• Outline of Visit
  • The 6th Asian Youth Day
  • Overview of Beatification
  • Lives of the 124 Korean Martyrs
  • Mass for Peace and Reconciliation
HOME > Pilgrimage > Lives of the 124 Korean Martyrs
Rise up in splendor! (Isaiah 60,1)
Lives of the 124 Korean Martyrs
Jo Suk (Peter)
Date of birth 1786 Sex man Place of birth Yanggeun Gyeonggi-do Position/Status Lay leader Virgin couple N.C.F.
Age 33 Date or martyrdom after Aug. 10, 1819 Place of martyrdom Seoul Mode of martyrdom beheading
 Peter Jo Suk also called ‘Myeong-su`, was born in Yanggeun, Gyeonggi-do to a noble family and believed in God when he was young. `Suk` was his adult name. During the Shinyu Persecution that broke out in 1801 he took refuge with his parents at his mother`s home in Gangwon-do.
   Peter Jo was intelligent and demonstrated outstanding talent when he was growing up. He was good and kind by nature, and very mature for his age. However, under the influence of his surroundings, he gradually neglected his religious life. It was when he married Teresa Kwon at the age of 17 that he found his religious zeal once again.
   On the first night of their wedding, his wife Teresa handed him a letter asking him `to live as a celibate couple for God`. He was moved by Teresa`s intention and accepted her proposal. At that very moment his faith in God returned and he became a different person.
   Peter Jo and Teresa Kwon lived like brother and sister. As the days passed by their faith grew deeper and stronger. Prayer, proclaiming the Good News of Jesus and offering sacrifices became their everyday way of life. Though they lived in poverty, they gave alms to needy people. They lived in this way for fifteen years. From time to time Peter Jo was tempted to abandon his promise, but with Teresa`s advice he overcame the temptation and renewed his commitment to celibacy.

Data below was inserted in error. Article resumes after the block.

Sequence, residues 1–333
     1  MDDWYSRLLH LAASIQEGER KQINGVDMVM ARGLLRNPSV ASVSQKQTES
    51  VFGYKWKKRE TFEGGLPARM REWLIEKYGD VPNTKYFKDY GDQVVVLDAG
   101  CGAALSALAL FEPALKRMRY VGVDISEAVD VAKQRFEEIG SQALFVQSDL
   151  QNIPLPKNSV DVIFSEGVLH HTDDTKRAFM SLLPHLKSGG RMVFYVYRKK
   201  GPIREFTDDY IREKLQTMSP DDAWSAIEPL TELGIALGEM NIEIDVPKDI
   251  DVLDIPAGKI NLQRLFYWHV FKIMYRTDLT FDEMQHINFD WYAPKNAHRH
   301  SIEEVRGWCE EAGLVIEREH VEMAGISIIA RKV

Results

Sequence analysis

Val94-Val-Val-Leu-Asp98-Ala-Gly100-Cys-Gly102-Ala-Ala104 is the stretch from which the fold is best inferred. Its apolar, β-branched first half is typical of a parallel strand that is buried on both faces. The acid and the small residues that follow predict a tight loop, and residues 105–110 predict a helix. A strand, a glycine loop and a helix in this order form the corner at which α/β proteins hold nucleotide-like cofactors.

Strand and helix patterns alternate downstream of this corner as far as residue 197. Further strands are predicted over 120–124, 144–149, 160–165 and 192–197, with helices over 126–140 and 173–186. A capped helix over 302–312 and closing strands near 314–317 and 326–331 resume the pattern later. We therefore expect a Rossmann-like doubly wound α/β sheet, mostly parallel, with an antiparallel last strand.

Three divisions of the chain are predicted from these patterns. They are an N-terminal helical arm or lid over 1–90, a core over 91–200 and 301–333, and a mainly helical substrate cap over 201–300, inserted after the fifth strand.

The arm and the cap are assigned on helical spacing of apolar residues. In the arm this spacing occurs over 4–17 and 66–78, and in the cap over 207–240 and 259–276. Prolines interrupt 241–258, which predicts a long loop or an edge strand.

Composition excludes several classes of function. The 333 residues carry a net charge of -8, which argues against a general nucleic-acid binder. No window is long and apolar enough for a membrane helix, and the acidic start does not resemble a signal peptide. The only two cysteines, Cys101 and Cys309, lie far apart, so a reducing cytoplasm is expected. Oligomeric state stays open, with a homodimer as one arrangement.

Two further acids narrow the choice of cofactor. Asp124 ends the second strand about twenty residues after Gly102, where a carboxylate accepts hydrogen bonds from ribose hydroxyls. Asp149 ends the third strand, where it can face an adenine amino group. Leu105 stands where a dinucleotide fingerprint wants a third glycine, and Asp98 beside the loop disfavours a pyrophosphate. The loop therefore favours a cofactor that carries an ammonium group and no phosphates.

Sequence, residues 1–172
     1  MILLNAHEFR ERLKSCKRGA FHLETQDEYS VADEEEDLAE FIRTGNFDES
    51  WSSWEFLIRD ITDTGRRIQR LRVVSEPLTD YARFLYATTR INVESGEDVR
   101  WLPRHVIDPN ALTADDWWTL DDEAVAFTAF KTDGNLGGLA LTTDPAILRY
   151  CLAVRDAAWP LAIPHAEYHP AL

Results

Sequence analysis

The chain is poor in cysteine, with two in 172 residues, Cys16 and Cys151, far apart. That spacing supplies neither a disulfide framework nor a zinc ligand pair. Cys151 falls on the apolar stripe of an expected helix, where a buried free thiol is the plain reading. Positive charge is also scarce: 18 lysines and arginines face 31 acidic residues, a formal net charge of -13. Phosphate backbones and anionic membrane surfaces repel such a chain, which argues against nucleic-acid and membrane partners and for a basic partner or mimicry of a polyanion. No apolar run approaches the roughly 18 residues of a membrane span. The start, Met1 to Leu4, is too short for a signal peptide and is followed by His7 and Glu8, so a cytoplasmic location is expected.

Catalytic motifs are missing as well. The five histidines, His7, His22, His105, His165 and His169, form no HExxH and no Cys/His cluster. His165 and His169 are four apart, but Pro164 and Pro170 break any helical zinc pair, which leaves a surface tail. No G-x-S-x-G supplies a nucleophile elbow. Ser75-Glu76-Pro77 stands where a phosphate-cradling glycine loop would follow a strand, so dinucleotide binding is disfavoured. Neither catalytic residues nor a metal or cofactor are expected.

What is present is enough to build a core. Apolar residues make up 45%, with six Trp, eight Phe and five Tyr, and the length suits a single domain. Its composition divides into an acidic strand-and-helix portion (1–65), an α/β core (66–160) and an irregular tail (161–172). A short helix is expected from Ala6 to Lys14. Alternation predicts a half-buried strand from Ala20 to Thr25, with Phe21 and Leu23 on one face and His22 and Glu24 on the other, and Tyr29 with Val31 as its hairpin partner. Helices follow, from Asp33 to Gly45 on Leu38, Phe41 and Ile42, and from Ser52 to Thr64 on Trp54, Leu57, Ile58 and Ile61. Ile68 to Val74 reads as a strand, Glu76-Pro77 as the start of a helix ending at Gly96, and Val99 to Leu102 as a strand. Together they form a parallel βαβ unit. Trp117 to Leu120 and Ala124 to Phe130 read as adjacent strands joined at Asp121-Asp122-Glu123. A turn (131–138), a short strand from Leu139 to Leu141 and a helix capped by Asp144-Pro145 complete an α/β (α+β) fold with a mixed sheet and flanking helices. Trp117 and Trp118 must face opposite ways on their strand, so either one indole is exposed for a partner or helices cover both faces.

Peter Jo and his wife Teresa Kwon provided everything St. Paul Jeong Ha-sang needed for his trip to Beijing to invite priests. St. Paul Jeong stayed at Peter Jo`s house to prepare for his trip. At that time Barbara Ko, a widow, lived with them to help their work.
   One day, while Paul Jeong was in Beijing, the police learned by chance that Peter Jo was a Catholic. They invaded his house and arrested him. his wife Teresa followed him voluntarily. Peter Jo, Teresa Kwon and Barbara Ko were imprisoned together. It was around late March 1817.
   When the interrogation started, the chief official used all means possible to tempt Peter Jo and his wife Teresa to `betray the Catholic religion and report the whereabouts of fellow Catholics`. They did not open their mouths, accepting all punishment with perseverance. The chief official, who interrogated and tortured them many times, on realizing that they would not change their minds, put them in prison again.
   They accepted all pains and endured their sufferings for God. They prayed for God`s will to be done. Teresa Kwon encouraged her husband whenever he became weak and discouraged, asking him to be faithful and to die for God together.
   The three of them stayed in prison for more than two years. Despite the miserable condition in prison their faith remained unshakable. Finally, God called them to die for Christ. After August 10, 1819 (June 20, by the Lunar calendar) Peter Jo, Teresa Kwon and Barbara Ko were beheaded and died martyrs. Peter Jo was 32 years old. One month later the faithful were allowed to take care of their bodies.